Austrian industry is in a funk. Exporters fret that they are losing market share, as costs rise faster than those of competitors and productivity growth weakens. Their lack of confidence is also depressing investment, both keeping economic growth sluggish.

“We are losing competitiveness each and every year,” says Georg Kapsch, head of Kapsch Group and the Federation of Austrian Industries.

Business blames government for ignoring the seriousness of the problem, which, if the trend continues, could threaten the foundations on which Austrian postwar prosperity have been built.

Up until now Austria’s Mittelstand of small and medium-sized companies has achieved extraordinary success by exploiting a wide range of export niches, often in machinery, or in parts for German industry, notably in the automotive sector.

Some are technological leaders in their segments but others build on existing research, says Arnold Schuh, director for the Competence Center for Central and Eastern Europe at Vienna University for Economics and Business. “There is a lot of accumulated know-how in the production process. We have always been the cheap Germany. German quality at Austrian prices.”

In addition, Mr Schuh says, Austrian companies have remained intensely customer-focused. “The strong customer orientation from owners [and] managers, to application engineers makes the difference,” he says.

Austria has also been successful at attracting foreign investors, despite its relatively high-cost base. Invest in Austria, the country’s foreign investment promotion agency, had a record year in terms of the number of projects last year, and a record half year until the end of June. Foreign investments this year of more than €100m include Novartis’ new biomanufacturing facility and an expansion of BMW’s diesel competence centre in Steyr.

However, according to competitiveness surveys by the International Institute for Management Development (IMD), Austria slipped this year from 22nd to 26th.

Sluggish productivity growth, leading to rising unit costs, have meant Austrian exporters have lost 5 per cent of their market share since 2012, says the Organisation for Economic Cooperation and Development (OECD) in its latest report on Austria in July.

Business blames a range of factors for this falling competitiveness, led by bureaucracy (especially business permits), the high tax wedge, and poor and too frequent legal changes.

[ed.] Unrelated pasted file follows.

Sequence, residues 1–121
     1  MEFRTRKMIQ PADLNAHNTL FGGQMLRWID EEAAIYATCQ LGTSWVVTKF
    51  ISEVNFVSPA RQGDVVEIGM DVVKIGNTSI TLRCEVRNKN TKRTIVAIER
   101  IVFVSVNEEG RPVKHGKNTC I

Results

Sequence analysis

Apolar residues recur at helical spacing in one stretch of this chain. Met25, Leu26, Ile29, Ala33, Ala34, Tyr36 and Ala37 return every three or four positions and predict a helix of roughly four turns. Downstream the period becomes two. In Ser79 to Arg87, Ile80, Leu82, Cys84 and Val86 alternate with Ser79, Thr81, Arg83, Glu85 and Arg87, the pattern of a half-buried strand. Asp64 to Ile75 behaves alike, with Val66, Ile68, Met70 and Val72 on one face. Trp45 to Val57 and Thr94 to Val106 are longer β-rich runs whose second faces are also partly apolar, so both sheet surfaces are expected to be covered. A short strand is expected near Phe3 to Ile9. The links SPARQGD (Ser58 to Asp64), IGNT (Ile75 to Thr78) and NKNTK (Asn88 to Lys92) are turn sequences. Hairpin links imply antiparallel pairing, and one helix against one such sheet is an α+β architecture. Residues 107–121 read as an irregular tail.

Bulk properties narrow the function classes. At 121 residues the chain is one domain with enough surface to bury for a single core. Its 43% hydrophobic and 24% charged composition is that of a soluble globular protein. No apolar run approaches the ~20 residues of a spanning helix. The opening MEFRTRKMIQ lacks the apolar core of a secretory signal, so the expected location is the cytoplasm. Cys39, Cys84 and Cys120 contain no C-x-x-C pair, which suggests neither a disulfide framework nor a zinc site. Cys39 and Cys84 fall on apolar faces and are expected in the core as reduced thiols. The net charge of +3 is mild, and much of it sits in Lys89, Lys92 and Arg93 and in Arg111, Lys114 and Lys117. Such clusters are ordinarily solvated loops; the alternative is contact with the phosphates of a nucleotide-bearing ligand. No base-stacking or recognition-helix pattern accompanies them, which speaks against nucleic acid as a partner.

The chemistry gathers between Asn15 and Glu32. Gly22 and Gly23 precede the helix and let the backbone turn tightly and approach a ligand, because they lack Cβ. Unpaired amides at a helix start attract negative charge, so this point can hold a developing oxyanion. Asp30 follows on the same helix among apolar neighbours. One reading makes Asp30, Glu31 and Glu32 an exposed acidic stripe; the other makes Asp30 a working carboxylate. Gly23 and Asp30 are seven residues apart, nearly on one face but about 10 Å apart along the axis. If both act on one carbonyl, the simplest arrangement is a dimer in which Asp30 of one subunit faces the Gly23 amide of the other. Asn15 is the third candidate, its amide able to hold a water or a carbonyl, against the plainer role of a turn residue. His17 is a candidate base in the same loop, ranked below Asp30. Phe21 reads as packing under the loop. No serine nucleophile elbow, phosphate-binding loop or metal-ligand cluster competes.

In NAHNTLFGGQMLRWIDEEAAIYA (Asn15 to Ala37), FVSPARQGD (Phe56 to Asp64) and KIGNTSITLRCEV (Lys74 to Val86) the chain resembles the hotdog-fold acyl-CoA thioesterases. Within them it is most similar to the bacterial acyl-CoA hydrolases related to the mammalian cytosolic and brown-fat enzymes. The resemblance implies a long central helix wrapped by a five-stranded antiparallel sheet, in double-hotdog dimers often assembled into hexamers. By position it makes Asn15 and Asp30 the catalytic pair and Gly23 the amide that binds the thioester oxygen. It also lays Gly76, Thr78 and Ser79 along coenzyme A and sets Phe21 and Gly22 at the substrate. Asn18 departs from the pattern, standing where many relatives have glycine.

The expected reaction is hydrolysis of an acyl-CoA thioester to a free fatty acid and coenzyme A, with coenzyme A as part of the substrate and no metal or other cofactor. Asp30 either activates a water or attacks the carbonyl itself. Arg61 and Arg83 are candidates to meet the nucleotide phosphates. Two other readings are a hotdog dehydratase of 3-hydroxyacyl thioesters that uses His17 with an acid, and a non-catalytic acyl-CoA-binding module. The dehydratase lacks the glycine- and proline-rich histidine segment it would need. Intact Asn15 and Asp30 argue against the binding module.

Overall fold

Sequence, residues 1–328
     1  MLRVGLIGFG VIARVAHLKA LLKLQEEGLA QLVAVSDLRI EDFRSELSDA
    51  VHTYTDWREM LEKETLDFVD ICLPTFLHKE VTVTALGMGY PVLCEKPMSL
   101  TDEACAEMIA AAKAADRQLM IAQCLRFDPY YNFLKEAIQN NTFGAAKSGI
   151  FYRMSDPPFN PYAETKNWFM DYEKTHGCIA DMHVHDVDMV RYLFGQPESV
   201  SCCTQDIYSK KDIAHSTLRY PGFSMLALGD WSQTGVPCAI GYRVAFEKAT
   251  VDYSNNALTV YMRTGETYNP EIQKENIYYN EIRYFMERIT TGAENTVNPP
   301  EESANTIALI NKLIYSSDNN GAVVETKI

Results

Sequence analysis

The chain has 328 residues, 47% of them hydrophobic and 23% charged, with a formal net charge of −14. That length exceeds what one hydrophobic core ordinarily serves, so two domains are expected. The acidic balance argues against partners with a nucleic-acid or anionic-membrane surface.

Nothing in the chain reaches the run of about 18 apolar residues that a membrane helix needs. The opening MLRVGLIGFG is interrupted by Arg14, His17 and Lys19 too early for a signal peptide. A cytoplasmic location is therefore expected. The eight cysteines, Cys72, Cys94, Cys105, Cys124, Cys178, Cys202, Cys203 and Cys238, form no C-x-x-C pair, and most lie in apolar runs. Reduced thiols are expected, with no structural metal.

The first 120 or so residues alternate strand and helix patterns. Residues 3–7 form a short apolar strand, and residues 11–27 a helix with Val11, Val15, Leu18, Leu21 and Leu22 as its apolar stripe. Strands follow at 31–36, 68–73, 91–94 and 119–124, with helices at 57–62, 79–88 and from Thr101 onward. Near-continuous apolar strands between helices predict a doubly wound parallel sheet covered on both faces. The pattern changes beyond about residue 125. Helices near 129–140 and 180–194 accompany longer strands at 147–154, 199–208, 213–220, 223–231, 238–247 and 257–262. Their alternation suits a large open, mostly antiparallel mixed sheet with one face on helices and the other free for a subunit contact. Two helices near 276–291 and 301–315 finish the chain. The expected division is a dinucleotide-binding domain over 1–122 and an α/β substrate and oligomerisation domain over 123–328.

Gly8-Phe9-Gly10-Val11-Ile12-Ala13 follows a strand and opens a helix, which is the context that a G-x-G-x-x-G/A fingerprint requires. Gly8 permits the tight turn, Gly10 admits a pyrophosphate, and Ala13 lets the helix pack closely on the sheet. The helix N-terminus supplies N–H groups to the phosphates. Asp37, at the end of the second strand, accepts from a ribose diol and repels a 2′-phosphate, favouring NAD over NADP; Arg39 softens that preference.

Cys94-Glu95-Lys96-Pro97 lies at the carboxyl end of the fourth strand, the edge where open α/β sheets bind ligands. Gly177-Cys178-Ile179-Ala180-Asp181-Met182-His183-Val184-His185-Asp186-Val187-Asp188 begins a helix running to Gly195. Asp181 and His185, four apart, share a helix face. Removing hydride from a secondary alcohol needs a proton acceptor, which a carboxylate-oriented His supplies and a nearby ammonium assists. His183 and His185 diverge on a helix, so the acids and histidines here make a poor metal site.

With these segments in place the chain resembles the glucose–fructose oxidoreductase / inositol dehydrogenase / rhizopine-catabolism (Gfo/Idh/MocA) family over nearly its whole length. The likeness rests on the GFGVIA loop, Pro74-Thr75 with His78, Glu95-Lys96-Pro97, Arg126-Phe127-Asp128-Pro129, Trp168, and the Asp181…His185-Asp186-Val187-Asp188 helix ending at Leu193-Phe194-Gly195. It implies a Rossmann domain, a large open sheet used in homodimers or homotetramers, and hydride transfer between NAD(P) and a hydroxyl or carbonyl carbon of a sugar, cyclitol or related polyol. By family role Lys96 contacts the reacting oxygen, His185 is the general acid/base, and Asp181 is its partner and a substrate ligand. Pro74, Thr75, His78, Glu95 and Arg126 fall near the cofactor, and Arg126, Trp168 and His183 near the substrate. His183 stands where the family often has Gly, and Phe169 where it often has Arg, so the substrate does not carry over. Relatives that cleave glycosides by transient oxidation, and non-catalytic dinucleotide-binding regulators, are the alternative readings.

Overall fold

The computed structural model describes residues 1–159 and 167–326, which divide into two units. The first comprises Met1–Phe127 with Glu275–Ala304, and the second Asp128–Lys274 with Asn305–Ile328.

But academics argue that industry itself also needs to up its game if it is going to continue to succeed in the global marketplace.

Karl Aiginger, director of the Austrian Institute of Economic Research, says: “There was some complacency because [the model] worked so well. But now other countries are catching up so we have to go to the top everywhere.”

Mr Schuh agrees. “Our cost advantage is eroding so we have to come up with exceptional products.”

The government has helped by improving the incentives for R&D, in particular by raising the amount of cash or tax credit given to companies from 10 per cent to 12 per cent of the money invested. Austria has raised its R&D spending to 3 per cent of GDP, the fifth highest in Europe, says Mr Aiginger, and even the ambitious target of 3.76 per cent of GDP by 2020 is not out of reach if more private funding can be raised.

Austria also needs new innovative companies. “Regulation and lack of start-up capital inhibit entry of innovative new firms, undermining economic dynamism,” says the OECD survey.

There is a burgeoning internet start-up scene in Vienna and the government is making crowd funding easier. From January, only if the company wants to raise more than €5m will it have to produce a detailed stock market prospectus.

Yet, in general, business says the government has done little. In particular, tax reform is seen as a missed opportunity for deep reform of the system, with the Social Democrats and People’s Party able to agree only on a cut in the basic rate.

While applauding the structural reforms that have been launched, Christoph Leitl, president of the Austrian Federal Economic Chamber, says that there is a lot still to do.

“Still on the government’s agenda are important reforms such as those necessary in the pension system, the different levels of administration and fiscal redistribution, the educational system, the change to a more digital economy, and maintaining the momentum on innovation,” he says.

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